Review: All’s Well by Mona Awad

All's Well: A NovelAll’s Well: A Novel by Mona Awad
My rating: 3 of 5 stars


Miranda Fitch is a theater professor at a small New England college. Due to chronic pain stemming from the accident that ended her once promising acting career, Miranda isn’t currently functioning at the top of her game.

Doctors and Physical Therapists have been unable to make any progress with her. It all feels like a sick joke; nothing she tries has helped. Therefore, she takes way more painkillers than she probably should.

As we meet Miranda, she is just about at her rock bottom. The Reader gets a glimpse inside her mind, as she tries to direct her students in this year’s production.

Although Miranda is hellbent on All’s Well That Ends Well, her students want to do the Scottish play. Ha! Can you even imagine? Miranda will not let that happen.

The students are relentless. Worse, they’re mutinous and her colleagues, in the faltering Theater Department, are no better. Just when she begins to believe all is lost, Miranda meets three mysterious strangers at her local watering hole who are able to turn the tides of fate. But at what cost?

I really, really enjoyed the first half of this novel. There’s no denying how fantastic the writing is. It’s cutting, funny, socially relevant, dark and quirky.

However, somewhere around 70%, it took a bad turn, from which it never recovered.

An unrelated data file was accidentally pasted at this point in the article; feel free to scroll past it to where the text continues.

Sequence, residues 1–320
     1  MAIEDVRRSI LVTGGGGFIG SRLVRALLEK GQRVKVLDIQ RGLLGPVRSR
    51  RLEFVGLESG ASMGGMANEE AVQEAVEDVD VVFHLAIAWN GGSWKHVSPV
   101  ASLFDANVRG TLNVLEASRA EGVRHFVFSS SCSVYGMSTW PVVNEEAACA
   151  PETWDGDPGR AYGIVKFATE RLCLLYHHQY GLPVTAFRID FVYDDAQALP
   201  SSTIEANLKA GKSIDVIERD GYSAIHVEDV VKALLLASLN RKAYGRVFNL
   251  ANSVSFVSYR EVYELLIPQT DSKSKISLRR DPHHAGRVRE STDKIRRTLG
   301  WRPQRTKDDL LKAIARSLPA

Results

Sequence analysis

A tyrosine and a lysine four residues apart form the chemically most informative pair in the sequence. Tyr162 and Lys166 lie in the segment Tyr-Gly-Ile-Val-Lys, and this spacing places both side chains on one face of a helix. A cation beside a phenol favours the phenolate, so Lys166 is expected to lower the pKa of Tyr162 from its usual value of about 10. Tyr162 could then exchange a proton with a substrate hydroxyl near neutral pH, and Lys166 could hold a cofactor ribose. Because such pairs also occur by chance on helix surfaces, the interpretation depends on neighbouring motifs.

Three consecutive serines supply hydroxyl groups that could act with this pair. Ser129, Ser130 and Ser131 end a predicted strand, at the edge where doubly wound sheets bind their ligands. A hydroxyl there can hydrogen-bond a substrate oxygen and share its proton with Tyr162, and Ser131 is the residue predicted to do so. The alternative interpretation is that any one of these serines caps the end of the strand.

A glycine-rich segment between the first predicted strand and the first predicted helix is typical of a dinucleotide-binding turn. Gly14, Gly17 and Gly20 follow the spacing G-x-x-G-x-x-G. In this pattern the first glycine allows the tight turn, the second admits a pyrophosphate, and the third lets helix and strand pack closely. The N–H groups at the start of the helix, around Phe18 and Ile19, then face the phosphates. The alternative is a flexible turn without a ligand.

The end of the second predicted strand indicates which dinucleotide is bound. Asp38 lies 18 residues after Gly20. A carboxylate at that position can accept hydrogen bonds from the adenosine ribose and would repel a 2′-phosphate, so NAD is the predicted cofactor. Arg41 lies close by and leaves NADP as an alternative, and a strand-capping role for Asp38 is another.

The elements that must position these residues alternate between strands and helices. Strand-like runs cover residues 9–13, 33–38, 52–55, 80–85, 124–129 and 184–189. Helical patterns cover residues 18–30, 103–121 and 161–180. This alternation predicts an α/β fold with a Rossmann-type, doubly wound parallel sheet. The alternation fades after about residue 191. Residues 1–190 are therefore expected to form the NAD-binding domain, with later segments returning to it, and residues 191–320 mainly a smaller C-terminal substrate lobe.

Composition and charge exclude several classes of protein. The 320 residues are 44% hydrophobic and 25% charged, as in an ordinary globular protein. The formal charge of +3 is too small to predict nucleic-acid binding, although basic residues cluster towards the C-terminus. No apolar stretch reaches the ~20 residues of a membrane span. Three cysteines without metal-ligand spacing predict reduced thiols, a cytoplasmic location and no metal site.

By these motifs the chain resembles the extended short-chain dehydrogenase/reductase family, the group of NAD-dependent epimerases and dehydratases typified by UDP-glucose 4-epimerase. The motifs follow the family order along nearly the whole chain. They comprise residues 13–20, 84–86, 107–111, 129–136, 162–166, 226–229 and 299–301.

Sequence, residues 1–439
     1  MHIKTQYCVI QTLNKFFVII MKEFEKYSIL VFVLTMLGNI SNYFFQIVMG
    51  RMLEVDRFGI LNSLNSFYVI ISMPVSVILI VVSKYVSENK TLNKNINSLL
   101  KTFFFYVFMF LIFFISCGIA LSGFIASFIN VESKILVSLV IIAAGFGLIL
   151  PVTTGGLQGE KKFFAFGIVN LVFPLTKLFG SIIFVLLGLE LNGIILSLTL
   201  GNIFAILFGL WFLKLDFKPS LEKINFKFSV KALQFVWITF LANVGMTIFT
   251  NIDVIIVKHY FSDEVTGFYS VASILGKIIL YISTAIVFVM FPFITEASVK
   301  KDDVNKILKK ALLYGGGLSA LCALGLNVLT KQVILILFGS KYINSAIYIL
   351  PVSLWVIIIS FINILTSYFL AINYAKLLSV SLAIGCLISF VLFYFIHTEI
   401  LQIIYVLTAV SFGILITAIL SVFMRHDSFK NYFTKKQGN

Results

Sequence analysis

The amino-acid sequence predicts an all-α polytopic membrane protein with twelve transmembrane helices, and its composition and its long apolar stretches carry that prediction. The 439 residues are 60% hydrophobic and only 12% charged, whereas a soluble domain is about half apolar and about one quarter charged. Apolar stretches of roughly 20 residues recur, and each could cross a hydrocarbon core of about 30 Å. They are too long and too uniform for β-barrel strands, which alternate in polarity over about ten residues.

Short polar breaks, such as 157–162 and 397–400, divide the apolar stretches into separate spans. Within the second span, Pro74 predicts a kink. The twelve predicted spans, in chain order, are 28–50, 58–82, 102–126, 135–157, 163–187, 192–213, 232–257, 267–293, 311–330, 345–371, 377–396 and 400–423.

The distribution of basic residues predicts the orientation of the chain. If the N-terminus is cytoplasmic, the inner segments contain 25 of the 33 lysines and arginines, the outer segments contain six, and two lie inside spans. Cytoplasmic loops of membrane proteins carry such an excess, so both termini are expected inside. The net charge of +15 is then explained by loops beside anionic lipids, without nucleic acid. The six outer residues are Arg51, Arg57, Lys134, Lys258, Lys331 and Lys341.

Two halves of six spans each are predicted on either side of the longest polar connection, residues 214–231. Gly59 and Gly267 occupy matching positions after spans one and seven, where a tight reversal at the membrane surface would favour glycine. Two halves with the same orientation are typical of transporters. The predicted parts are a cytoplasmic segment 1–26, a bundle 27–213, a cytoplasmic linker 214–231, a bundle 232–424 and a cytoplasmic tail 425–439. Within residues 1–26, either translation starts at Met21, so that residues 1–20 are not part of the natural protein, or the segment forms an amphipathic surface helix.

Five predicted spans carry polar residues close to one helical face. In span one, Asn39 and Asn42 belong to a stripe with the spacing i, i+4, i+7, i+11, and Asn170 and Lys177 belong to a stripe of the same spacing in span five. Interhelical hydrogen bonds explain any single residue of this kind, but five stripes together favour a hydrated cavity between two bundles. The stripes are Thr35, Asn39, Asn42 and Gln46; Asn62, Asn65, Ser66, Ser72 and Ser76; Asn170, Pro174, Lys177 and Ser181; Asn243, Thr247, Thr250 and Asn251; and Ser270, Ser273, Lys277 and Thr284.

There are a lot of elements included that generally work for me. It’s weird, it’s biting, it has a touch of the fantastical, but unfortunately, it just got too confusing. You can have solid weird, without confusing. I just feel like in this case, it missed that mark.

I’m sure there will be a lot of Readers that will get it; I’m just not one of them. During the first half of the story, even when things got a little strange, you could still tell the events that were happening in Miranda’s reality; you could tell she was having interactions with her students, with her colleagues, what were memories, musings, thoughts and wishes.

When it got closer to the end, it changed. I couldn’t tell what was real. I couldn’t tell where Miranda was in time, space, what was happening to her? And it never revealed itself, at least not in my opinion. So, I got to the end and felt like I didn’t have a conclusion.

Theoretically, I understand the ideas behind what was happening, but I just wanted more closure. I was really disappointed with the last 25%. In it way, it made me feel like I had wasted my time. Never a good feeling.

I’m mainly bummed because I expected to enjoy this a lot more than I did. It happens. All’s well, I suppose.

I bumped myrating up from 3-stars to 3.5, based solely on the author’s creativity and quality of writing. The story for me was a solid 3-stars. It was a good story, but not necessarily my cup of tea.

Thank you so much to the publisher, Simon & Schuster, for providing me with a copy to read and review. I appreciate the opportunity to share my opinions.

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